Lindsey Vonn Is Learning to Love Herself Before She Loves Someone Else: I'm 'Happy'

During an interview about her new memoir, Lindsey Vonn tells PEOPLE that she's "looking forward to a positive and healthy relationship"

Hollywood at Home Lindsey Vonn photographed at her home in Vail, Colorado on May 23, 2017
Lindsey Vonn. Photo: Winnie Au

Lindsey Vonn is enjoying getting to know herself better.

While speaking to PEOPLE about her new memoir, Rise, out Jan. 11, Vonn gets candid about her past relationships, and how they've shaped what she wants in a romance.

Vonn tells PEOPLE in this week's print issue that she's "looking forward to a positive and healthy relationship."

In Rise, Vonn writes that in her past partnerships, "I didn't like who I became." She explains, "I had a tendency to recede, conforming to my partner's needs and preferences in an attempt to please them ... I wanted someone to love me, to make up for the ways I didn't yet love myself."

Vonn was married to Olympic skier Thomas Vonn for four years, then later dated Tiger Woods for three years before splitting in 2015. She split from fiancée P.K. Subban in December 2020 after three years together.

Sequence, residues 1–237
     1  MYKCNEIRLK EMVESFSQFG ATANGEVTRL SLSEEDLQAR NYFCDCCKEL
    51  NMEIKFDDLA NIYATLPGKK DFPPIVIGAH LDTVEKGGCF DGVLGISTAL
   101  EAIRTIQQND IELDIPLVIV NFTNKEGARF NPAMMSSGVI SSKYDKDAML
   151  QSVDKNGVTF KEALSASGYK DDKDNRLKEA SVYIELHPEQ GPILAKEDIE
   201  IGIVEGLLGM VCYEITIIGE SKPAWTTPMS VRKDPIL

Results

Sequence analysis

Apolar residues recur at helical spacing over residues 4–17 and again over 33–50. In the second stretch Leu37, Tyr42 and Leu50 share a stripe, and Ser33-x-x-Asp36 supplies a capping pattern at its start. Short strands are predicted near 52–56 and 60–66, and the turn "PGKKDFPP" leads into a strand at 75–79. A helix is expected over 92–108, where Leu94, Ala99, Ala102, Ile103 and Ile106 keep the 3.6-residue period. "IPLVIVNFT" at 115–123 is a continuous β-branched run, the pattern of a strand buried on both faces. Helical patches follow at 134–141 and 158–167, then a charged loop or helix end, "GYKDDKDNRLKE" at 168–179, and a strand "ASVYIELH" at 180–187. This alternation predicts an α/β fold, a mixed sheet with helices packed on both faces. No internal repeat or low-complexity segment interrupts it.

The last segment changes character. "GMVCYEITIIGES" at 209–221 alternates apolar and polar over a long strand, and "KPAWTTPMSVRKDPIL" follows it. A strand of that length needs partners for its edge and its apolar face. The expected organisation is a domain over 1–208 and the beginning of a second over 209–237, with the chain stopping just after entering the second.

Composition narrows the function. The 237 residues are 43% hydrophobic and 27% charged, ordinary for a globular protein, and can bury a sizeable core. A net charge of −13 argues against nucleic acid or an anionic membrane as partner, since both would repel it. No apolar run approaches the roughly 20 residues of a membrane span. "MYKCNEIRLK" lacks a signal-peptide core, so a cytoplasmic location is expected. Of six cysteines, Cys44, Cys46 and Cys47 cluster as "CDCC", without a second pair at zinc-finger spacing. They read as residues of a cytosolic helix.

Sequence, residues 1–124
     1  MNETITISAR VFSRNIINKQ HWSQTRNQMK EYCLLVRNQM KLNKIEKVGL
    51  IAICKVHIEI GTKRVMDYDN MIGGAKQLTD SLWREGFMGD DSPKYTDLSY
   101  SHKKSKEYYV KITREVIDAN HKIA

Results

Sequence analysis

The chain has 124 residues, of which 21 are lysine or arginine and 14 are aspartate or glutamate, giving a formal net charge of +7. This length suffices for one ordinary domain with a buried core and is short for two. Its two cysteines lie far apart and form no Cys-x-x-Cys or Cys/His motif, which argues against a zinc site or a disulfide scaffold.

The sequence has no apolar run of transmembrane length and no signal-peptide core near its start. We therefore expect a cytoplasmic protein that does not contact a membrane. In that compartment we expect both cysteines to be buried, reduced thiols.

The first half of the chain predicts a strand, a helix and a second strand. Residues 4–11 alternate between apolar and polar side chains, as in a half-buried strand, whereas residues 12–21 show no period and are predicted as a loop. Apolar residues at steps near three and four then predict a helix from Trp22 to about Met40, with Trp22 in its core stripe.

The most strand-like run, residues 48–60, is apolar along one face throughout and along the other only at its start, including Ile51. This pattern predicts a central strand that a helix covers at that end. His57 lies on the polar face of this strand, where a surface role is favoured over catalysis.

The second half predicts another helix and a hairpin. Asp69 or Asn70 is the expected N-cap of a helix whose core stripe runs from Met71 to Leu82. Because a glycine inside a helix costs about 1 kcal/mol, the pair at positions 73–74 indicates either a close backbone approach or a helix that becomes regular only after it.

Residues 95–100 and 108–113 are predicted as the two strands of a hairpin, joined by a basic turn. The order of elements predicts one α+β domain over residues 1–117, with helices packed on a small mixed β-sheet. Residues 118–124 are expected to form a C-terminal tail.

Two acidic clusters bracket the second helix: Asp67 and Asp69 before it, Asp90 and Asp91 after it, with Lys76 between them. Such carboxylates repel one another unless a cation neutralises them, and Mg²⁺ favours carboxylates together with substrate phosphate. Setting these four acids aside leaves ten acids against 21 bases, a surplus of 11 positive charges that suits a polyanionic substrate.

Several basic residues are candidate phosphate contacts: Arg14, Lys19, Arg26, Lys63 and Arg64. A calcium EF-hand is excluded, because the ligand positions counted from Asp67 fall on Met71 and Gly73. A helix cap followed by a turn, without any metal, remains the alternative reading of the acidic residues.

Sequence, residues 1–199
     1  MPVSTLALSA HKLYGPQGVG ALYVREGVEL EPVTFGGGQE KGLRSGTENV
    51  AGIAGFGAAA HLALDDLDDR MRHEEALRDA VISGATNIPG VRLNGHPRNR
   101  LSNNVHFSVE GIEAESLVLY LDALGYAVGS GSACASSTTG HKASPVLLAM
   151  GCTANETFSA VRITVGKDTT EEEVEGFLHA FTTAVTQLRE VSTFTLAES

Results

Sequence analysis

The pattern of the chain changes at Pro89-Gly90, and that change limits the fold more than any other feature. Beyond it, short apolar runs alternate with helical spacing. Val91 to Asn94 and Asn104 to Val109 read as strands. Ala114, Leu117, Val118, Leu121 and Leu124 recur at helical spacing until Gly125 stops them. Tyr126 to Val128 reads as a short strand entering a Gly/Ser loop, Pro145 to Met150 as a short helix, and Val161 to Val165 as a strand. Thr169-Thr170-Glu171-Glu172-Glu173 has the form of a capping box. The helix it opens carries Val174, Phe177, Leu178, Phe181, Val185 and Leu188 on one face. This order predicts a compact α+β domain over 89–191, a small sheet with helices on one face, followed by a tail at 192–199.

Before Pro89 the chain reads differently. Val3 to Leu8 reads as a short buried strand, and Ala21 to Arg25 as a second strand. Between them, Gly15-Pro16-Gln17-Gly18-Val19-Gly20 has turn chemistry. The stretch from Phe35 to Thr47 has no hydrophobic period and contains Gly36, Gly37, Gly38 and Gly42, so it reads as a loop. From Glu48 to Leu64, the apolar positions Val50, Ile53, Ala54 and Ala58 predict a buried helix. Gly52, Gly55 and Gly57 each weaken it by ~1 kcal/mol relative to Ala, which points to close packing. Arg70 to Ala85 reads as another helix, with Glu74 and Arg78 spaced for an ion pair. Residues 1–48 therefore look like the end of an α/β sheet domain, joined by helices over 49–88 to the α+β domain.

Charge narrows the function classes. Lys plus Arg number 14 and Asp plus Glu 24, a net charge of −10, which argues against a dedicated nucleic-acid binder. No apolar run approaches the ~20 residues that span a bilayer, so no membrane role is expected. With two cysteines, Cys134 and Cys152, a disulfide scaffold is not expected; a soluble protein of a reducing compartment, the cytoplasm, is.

To learn more about Lindsey Vonn's new memoir, pick up this week's issue of PEOPLE.

The former downhill skier — who has 82 World Cup wins, three Olympic medals and 20 World Cup titles to her name — says she's now found joy in spending time with herself.

"I really enjoy it now," Vonn, 37, says. "It's nice to be comfortable enough with life and yourself to be alone and happy with it. I feel lucky."

In Rise, Vonn gets candid about her journey with her mental health. "I've been dealing with it since I was 18," she says of depression.

Besides taking antidepressants, Vonn has found other habits that help her handle even the worst days. She says she's doing everything she can "to make sure I'm maintaining good mental health by doing all those things that help me stay positive like journaling, being with friends and working out."

In general, Vonn says she thinks athletes are often viewed as "superheros but we're human like everybody else."

Updated by
Lindsay Kimble

Lindsay Kimble is a Senior Digital News Editor and the Sports Editor for PEOPLE Digital. She's worked at PEOPLE for over seven years as a writer, reporter and editor across our Entertainment, Lifestyle and News teams, covering everything from the Super Bowl to the Met Gala. She's been nominated for the ASME NEXT Awards for Journalists Under 30, and previously wrote for Us Weekly while on staff at Wenner Media.

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